gave about £64 to the College for the purchase of books.
About the same time an event took place more immediately connected with the House, and more interesting to its members. It was the departure from the College, in 1642, of two priests who became Confessors of the Faith, and both died in prison.
These were Father William Lloyd and Father Thomas Blount. The former, son of Walter Lloyd, Esq., was born in the County of Carmarthen, Wales, in 1614, he arrived in Lisbon on October 1, 1635, when twenty-one years of age, and entered the College as convictor. Having already acquired a competent knowledge of the lower branches of literature, he commenced his course of Philosophy the year following under Father Humphrey Ellis. The Annals represent him as a promising young man, and distinguished for the abilities which he displayed in the public defence of Theses in Philosophy and Theology, but labouring under a severe indisposition from weakness of stomach. He was ordained priest in 1639, but remained in the College till June 29, 1642, when, having received the usual missionary faculties, he went first to Paris and then returned to his native country. In the year 1679, shortly after the alarm occasioned by Oates' Plot, he was apprehended, brought to his trial at Brecknock and condemned to death for having received Orders in the Catholic Church, and afterwards remaining in Great Britain contrary to the Statute of the 27th of Elizabeth. The time was fixed for his execution, but he died six days before it arrived.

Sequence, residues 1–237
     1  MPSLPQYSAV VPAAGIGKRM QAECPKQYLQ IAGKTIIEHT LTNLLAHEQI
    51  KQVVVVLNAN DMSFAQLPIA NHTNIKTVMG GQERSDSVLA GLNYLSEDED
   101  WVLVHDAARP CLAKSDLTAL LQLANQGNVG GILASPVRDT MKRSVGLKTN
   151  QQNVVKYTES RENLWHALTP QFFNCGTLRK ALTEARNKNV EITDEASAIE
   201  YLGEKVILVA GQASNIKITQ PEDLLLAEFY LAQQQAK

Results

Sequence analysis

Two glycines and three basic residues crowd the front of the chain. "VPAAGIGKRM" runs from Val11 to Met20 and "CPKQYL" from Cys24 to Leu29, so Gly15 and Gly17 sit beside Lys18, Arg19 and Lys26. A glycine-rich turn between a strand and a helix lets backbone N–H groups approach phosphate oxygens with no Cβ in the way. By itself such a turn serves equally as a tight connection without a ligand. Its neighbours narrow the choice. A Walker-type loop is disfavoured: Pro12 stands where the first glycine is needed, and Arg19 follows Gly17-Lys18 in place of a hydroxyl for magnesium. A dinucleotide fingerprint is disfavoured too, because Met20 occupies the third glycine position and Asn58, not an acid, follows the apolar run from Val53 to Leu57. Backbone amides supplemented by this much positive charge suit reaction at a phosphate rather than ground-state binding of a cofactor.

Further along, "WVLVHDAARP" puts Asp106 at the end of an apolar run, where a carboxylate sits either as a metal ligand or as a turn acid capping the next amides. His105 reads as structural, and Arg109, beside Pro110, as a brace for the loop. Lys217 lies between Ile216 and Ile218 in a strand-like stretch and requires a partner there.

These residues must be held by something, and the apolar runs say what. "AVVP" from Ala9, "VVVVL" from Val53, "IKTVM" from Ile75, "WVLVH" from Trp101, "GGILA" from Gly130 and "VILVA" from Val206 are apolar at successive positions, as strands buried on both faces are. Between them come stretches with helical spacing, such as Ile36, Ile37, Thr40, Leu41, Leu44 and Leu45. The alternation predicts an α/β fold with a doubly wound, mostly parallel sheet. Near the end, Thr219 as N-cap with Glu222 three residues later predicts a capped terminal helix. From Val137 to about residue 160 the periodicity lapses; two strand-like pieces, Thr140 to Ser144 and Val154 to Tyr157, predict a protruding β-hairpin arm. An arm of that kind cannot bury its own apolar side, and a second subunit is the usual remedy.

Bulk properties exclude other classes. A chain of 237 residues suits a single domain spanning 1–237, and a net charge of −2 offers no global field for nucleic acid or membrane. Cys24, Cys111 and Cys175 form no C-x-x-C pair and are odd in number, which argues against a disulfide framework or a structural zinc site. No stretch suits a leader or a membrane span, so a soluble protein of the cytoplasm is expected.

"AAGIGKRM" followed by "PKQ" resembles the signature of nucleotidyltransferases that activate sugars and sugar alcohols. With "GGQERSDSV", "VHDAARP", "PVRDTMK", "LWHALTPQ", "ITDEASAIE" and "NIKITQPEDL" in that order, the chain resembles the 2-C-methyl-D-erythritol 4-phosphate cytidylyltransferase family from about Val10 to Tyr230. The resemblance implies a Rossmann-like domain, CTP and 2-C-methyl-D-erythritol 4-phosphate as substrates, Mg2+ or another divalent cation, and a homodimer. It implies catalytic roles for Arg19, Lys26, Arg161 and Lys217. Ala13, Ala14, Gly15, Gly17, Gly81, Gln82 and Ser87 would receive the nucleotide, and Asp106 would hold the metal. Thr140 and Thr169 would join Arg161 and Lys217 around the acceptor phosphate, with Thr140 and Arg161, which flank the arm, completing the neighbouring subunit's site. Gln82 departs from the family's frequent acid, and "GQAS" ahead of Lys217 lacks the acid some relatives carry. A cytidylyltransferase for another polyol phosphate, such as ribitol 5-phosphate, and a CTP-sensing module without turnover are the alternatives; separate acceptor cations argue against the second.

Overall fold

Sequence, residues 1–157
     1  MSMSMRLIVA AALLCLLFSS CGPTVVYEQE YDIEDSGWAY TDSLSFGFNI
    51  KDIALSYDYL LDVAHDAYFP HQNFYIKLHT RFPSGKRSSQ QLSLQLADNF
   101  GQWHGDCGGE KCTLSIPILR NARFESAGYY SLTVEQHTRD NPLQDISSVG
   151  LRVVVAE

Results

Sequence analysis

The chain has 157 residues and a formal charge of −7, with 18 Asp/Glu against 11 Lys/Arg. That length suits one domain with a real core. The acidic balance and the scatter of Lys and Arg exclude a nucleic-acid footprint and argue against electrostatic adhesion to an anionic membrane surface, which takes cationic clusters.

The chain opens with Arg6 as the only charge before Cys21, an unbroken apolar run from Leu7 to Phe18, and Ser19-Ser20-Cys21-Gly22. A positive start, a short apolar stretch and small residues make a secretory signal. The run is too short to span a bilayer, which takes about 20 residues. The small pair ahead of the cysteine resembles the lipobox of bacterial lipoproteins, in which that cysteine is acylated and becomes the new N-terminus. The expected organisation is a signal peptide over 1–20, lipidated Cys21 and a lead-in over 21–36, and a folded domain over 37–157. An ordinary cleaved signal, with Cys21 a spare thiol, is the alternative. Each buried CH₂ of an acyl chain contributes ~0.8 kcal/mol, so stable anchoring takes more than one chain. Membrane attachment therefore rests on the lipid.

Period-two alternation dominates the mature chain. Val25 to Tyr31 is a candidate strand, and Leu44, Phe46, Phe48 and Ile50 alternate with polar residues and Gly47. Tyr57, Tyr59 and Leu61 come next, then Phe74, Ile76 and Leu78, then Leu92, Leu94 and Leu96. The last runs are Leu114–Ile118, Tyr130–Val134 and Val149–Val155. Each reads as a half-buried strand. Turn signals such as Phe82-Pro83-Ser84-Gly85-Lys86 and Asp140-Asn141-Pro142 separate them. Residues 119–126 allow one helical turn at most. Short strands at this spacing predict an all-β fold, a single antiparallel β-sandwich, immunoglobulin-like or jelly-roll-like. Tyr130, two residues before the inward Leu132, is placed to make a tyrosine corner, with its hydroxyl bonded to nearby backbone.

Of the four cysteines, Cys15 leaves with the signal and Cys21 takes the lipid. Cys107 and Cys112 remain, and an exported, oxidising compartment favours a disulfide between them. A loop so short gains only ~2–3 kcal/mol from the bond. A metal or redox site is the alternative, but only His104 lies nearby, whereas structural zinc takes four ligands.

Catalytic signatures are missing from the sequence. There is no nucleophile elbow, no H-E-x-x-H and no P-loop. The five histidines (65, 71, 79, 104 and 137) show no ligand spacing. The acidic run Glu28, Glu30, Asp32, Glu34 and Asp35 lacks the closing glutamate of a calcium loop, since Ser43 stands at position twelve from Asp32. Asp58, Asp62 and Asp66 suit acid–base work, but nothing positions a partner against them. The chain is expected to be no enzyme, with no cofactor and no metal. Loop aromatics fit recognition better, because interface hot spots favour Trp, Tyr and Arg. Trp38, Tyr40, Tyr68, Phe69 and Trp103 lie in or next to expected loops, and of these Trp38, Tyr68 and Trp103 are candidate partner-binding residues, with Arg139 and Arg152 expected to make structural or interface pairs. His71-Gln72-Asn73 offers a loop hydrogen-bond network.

The speech which he had prepared to deliver at the gallows may be seen in Bishop Challoner's Missionary Priests. In it he first proclaims his faith in which he had lived and in which he was determined to die. "Which is the only Holy Catholic and Apostolic faith and religion, that is, the very same in all points as the Apostles them selves lived and died in." He then gives the reason of his faith: " For it is said in Holy Scripture that there is but one faith, one Lord, one baptism; and St. Paul in another place saith that without faith it is impossible to